Citigroup faulted by U.S. banking regulators for poor data management in ‘living will’ review

Finance

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CEO of Citigroup Jane Fraser testifies during a hearing before the House Committee on Financial Services at Rayburn House Office Building on Capitol Hill on September 21, 2022 in Washington, DC.
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Citigroup needs to address weaknesses in how it manages financial data, according to a review of the biggest banks’ so-called living will plans, U.S. banking regulators said Wednesday.

The New York-based bank’s issues could hurt its ability to produce accurate reports in times of duress, and that could hamper its ability to successfully execute resolution planning, the Federal Reserve and the Federal Deposit Insurance Corporation told the bank in a letter.

The biggest and most important U.S. banks have to submit detailed plans to regulators that explain how they can be quickly unwound in the event of a massive disruption or bankruptcy, part of the reforms that emerged from the 2008 financial crisis. In a previous round, six companies including Bank of America, Wells Fargo and Morgan Stanley were found to have shortcomings in their ability to produce data, but the firms addressed those concerns, the regulators said.

For the latest review, Citigroup was the only bank among the eight institutions that was found to have a shortcoming in its resolution plan, the regulators noted.

The finding shows that Citigroup, led by CEO Jane Fraser since early 2021, is still struggling to improve its systems after an embarrassing incident that helped accelerate the retirement of Fraser’s predecessor. Fraser has said that one of her main priorities was to address regulators’ concerns and regain credibility with investors.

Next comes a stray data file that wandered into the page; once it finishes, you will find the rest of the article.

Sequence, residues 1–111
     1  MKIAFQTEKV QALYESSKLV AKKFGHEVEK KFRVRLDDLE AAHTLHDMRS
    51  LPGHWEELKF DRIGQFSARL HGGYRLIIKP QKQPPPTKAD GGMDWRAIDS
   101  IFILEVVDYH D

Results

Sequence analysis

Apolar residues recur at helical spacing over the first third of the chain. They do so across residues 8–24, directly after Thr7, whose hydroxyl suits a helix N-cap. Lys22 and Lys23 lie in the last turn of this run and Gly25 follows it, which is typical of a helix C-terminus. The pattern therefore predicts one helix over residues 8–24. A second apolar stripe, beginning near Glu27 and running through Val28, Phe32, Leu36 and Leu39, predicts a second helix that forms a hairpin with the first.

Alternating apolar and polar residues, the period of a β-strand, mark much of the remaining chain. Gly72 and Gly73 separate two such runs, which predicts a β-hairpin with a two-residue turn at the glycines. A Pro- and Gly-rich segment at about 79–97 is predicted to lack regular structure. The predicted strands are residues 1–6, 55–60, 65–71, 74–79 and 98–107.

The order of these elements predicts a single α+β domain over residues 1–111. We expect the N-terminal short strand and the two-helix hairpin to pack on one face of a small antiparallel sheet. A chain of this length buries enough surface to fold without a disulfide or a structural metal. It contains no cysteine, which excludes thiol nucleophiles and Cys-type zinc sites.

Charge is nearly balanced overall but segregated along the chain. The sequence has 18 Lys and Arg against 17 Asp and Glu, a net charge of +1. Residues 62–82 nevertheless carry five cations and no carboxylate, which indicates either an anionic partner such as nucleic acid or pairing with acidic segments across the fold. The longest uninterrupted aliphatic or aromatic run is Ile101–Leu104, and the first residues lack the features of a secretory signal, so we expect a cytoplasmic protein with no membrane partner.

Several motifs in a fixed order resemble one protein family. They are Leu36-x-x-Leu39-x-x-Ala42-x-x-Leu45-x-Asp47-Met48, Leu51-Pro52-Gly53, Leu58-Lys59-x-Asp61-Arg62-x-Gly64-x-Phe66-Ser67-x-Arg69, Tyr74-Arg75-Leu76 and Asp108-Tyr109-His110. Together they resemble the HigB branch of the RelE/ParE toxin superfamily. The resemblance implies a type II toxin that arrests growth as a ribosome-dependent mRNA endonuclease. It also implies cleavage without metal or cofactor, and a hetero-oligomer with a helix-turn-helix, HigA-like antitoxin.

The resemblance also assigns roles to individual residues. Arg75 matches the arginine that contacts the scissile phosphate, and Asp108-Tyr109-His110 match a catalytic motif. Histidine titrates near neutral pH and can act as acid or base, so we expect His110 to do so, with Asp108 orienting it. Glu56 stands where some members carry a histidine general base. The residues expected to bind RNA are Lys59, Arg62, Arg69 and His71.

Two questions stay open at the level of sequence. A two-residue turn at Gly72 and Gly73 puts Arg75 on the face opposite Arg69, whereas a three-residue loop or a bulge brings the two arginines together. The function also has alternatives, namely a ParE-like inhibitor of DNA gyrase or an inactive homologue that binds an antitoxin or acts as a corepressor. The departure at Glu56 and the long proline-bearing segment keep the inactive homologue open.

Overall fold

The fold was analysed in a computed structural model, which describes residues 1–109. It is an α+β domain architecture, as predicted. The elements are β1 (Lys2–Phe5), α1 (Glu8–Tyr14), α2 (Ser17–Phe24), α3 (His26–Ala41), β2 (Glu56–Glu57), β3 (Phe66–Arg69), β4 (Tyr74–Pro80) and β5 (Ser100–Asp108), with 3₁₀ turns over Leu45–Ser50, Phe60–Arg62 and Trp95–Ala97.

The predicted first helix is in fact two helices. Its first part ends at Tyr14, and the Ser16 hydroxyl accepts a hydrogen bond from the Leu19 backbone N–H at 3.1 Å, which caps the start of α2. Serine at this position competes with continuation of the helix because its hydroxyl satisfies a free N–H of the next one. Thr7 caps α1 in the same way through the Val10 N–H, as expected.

The issues stem from earlier concerns after the bank accidentally wired $900 million to Revlon creditors in 2020. Regulators hit the bank with a $400 million fine and a pair of consent orders after that episode and demanded improvements to its risk management, data and internal controls.

“Issues regarding the Covered Company’s data governance program could adversely affect the firm’s ability to produce timely and accurate data and, in particular, could degrade the timeliness and accuracy of key metrics that are integral to execution of the firm’s resolution strategy,” the agencies told Citigroup in a letter dated Nov. 22.

The company has to deliver a roadmap to address the issues by January, they said.

In a statement, Citigroup said it was “completely committed” to addressing the shortcoming found in its 2021 resolution plan.

“As part of the transformation Citi has embarked upon, we are making significant investments in our data integrity and data management, as the letter notes,” the bank said. “We will leverage that work to remediate the shortcoming identified today, as we acknowledge there is much more work to do.”

Shares of Citigroup slipped 2.2% in early trading.

With CNBC’s Jeff Cox.

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